Period Design: Georgian Architectural Influences
The Georgian period is typically defined as dating between 1714 and1830, the time when the four British monarchs, George I, II, III and IV reigned in continuous succession. This was a time when towns and buildings in general were expanding, and landowners who may previously have had a house or two on their land could become larger-scale property developers, with rows of neat identical terraced houses in the same space. Construction standards were generally high, and there are a lot of features of this period which are still popular with newer constructions today.
Palladianism in Georgian Architecture
The early Georgian period was most heavily influenced by Palladianism, a type of design based on the work of Italian architect Andreas Palladio. Palladio tried to recreate the style and proportions of buildings in Ancient Rome. We see this influence in the understated decorative elements of buildings and rigid symmetry in design. Large houses were built to be wide and shallow, to look most impressive, and were set in grand landscaped settings. Windows were large, and usually arranged in a grid to minimise window tax.
Late Georgian Flexibility
The fashion in the later Georgian period was more flexible, and architects experimented with Rococo interiors and fancier designs, with fluted columns, high ceilings and taller, narrower sash windows. Rows of terraced townhouses were popular throughout the Georgian period, and many of the simple, elegant characteristics of the designs of the time are still in use today.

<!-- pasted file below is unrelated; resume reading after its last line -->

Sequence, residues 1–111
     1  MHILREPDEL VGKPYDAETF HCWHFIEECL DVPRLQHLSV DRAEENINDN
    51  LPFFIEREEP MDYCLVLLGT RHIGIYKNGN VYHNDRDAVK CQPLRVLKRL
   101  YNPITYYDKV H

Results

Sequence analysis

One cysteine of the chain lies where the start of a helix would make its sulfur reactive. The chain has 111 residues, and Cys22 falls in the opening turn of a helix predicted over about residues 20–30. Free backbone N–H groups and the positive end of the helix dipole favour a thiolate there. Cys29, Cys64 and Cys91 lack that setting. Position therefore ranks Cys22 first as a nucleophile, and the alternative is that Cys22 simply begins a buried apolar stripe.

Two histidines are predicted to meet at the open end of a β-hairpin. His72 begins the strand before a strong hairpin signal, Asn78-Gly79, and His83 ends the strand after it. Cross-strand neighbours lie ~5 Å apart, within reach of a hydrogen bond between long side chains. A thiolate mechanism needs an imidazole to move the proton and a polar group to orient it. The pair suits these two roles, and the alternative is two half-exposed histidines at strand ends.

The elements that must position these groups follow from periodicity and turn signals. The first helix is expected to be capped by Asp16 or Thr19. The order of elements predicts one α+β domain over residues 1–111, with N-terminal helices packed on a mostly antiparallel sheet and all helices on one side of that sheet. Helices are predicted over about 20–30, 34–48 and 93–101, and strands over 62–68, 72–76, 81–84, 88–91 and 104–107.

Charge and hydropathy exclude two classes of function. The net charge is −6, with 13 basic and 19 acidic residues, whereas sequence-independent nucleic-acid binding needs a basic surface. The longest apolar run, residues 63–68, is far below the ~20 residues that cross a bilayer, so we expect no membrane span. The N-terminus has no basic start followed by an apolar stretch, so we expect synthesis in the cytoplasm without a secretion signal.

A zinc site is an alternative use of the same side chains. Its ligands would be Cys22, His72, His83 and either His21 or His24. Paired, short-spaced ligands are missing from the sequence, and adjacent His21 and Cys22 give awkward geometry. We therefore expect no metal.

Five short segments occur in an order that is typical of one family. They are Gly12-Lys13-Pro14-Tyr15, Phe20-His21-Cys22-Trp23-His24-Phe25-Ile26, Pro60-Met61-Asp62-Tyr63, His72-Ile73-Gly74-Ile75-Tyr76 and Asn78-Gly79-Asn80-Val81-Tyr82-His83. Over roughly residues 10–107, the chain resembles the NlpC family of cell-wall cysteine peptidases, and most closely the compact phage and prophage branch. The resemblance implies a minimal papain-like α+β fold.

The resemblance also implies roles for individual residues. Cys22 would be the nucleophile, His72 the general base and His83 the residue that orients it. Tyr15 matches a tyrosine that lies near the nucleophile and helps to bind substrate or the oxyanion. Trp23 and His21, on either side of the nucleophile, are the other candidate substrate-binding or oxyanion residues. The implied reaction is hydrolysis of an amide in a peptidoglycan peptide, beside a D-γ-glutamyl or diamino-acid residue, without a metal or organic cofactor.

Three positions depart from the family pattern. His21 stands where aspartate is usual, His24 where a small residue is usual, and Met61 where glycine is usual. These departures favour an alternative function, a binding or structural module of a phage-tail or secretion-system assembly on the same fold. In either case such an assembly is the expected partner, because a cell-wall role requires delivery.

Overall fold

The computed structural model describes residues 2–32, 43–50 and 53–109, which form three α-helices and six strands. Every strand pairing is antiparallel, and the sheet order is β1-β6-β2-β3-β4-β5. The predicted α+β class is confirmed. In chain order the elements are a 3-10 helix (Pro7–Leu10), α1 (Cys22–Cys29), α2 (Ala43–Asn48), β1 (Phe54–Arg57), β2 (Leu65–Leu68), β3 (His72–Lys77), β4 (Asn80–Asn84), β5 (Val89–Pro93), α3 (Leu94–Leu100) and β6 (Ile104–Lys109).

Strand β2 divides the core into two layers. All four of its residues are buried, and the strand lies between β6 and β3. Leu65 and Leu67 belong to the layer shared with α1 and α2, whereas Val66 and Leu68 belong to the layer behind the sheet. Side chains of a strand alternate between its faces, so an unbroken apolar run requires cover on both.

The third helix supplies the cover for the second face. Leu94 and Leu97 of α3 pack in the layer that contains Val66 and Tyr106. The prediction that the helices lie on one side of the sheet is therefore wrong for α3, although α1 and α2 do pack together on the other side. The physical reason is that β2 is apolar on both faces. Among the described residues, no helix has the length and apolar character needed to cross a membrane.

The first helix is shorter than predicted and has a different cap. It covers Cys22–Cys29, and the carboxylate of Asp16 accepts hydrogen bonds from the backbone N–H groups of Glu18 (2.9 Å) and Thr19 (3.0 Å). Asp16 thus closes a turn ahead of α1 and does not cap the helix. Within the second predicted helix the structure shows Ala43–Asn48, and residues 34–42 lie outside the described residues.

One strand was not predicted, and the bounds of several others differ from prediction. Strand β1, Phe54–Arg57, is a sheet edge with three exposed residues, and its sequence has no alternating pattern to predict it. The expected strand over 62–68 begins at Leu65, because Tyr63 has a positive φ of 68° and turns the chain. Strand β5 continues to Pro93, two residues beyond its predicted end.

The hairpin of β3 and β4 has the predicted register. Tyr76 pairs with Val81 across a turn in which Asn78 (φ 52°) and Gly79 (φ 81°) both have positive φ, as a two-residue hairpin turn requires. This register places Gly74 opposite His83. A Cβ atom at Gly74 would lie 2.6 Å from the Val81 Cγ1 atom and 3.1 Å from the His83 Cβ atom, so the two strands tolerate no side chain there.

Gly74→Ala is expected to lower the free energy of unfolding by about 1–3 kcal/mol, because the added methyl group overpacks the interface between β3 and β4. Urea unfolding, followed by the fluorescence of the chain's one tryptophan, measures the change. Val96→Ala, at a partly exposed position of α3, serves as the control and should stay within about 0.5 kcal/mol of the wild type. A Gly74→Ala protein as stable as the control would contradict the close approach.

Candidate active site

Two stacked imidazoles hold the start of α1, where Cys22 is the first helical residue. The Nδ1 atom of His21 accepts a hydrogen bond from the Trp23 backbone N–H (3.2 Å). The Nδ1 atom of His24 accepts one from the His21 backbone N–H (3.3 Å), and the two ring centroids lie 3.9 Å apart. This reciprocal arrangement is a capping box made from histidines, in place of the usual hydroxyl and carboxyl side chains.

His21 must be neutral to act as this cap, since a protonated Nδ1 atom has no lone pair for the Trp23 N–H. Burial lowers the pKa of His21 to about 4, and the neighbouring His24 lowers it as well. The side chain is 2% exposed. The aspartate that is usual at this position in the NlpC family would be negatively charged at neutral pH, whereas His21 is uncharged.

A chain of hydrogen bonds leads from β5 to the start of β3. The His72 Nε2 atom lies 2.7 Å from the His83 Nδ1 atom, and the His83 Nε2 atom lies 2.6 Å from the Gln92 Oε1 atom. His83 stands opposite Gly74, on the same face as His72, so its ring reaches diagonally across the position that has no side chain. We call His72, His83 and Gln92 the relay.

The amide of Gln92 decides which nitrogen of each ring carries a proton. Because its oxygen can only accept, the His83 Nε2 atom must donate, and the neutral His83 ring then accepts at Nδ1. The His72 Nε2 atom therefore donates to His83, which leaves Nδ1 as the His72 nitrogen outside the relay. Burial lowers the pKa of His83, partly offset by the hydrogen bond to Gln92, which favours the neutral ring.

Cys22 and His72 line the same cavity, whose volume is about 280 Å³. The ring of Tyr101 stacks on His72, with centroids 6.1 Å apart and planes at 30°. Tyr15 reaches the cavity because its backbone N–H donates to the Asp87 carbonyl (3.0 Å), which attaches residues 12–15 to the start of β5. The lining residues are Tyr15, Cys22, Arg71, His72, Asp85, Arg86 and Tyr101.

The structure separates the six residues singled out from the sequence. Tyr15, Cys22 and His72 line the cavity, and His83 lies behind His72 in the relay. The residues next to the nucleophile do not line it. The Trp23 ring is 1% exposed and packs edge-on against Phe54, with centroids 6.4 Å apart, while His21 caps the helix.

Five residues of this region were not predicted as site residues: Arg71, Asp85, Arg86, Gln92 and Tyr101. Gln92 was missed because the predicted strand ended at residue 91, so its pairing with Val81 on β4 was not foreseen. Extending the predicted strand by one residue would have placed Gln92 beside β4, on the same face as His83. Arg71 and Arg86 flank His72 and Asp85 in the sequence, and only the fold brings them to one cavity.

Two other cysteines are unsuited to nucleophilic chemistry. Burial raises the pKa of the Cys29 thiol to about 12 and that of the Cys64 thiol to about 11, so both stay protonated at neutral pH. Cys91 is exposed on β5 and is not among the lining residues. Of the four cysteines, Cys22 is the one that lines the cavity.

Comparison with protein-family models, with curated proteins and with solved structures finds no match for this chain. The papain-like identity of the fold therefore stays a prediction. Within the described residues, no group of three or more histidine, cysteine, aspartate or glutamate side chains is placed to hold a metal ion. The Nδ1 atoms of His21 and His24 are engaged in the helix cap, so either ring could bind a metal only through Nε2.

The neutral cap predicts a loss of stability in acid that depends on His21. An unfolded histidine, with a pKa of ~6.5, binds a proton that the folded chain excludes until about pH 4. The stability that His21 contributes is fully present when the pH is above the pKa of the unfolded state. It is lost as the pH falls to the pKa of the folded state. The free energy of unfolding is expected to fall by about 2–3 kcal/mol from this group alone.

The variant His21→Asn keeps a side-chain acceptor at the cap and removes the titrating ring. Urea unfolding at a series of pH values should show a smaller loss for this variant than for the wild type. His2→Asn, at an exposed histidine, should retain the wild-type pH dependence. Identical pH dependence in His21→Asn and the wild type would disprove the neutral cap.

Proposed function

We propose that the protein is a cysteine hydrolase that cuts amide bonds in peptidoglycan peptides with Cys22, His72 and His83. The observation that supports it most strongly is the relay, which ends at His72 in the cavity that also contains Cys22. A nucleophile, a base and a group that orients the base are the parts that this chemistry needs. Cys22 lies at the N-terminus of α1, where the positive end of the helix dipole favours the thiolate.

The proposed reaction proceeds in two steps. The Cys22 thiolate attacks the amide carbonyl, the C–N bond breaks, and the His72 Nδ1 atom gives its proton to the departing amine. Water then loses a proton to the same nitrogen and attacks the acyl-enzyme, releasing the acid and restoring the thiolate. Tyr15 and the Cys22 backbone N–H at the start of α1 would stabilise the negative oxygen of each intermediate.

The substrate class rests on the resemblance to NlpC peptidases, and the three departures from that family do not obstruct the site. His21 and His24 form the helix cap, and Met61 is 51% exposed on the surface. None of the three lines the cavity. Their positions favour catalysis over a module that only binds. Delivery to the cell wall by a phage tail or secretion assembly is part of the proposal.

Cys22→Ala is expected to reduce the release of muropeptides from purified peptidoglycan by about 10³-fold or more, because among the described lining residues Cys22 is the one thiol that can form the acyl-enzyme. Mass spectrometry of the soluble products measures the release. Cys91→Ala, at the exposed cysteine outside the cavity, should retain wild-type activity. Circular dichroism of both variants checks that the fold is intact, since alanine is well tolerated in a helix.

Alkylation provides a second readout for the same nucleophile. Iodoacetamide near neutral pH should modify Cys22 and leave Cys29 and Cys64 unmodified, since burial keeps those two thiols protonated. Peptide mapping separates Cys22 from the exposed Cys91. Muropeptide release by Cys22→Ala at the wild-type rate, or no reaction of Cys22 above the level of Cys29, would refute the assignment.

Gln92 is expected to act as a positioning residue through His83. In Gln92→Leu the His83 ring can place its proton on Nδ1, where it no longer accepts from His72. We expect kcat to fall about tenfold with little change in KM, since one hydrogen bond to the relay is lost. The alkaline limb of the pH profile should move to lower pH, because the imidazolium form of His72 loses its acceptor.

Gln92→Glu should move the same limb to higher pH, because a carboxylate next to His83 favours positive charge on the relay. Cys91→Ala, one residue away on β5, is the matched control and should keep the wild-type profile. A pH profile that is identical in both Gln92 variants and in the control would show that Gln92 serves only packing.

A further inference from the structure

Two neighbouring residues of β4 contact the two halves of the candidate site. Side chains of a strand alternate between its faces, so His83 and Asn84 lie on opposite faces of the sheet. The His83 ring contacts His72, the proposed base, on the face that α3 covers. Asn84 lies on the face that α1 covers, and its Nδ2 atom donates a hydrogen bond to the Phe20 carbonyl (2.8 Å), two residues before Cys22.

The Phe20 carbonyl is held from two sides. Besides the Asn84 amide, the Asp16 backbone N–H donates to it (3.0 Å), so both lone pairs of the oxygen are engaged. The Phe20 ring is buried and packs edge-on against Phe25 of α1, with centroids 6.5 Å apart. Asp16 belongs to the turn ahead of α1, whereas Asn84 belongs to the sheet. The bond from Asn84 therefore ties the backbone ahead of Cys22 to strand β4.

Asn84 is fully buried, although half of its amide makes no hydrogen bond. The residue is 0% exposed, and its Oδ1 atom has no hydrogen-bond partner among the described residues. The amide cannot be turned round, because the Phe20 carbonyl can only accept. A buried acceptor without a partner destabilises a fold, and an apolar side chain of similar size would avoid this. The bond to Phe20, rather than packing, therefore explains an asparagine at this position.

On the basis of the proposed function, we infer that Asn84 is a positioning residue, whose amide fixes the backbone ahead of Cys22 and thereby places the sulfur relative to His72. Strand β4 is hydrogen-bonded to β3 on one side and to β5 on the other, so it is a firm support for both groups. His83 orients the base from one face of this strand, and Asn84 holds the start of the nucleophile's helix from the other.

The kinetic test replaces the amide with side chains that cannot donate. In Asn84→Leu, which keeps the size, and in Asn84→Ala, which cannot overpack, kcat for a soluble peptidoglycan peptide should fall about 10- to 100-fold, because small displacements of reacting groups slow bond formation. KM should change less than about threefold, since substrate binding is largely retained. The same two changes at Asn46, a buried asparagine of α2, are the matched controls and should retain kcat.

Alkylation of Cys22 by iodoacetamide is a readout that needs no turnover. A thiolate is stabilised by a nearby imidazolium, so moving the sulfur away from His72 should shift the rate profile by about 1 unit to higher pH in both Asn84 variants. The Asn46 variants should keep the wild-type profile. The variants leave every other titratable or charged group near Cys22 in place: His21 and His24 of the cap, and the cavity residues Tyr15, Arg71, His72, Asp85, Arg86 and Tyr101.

Modern Georgian Homes
Whether you’re building a home from scratch or renovating a property in a period style, the Georgian period is a popular architectural style to go for. This time represents a great era of British history, when construction was a fast-growing industry. Georgian features tend to be less intricate and fussy than more ornate styles, making them quicker and simpler to construct, and therefore more cost-effective. High ceilings, elegant designs and a feeling of light and space in airy rooms with large windows are desirable qualities in any home.
If you’re creating a home in a Georgian style, as well as the construction of the building itself you’ll need to think about the smaller details such as skirting boards, architraves and more decorative features of rooms. Specialist joinery services exist to help, such as Arthur Wood Joinery, who are experts in period joinery items, and can provide standard Georgian features or even create bespoke items to your specification. There’s lots of information available for just about every aspect of Georgian architecture, and with specialist on hand to offer help and advice, you can create a beautiful and historically-accurate period home.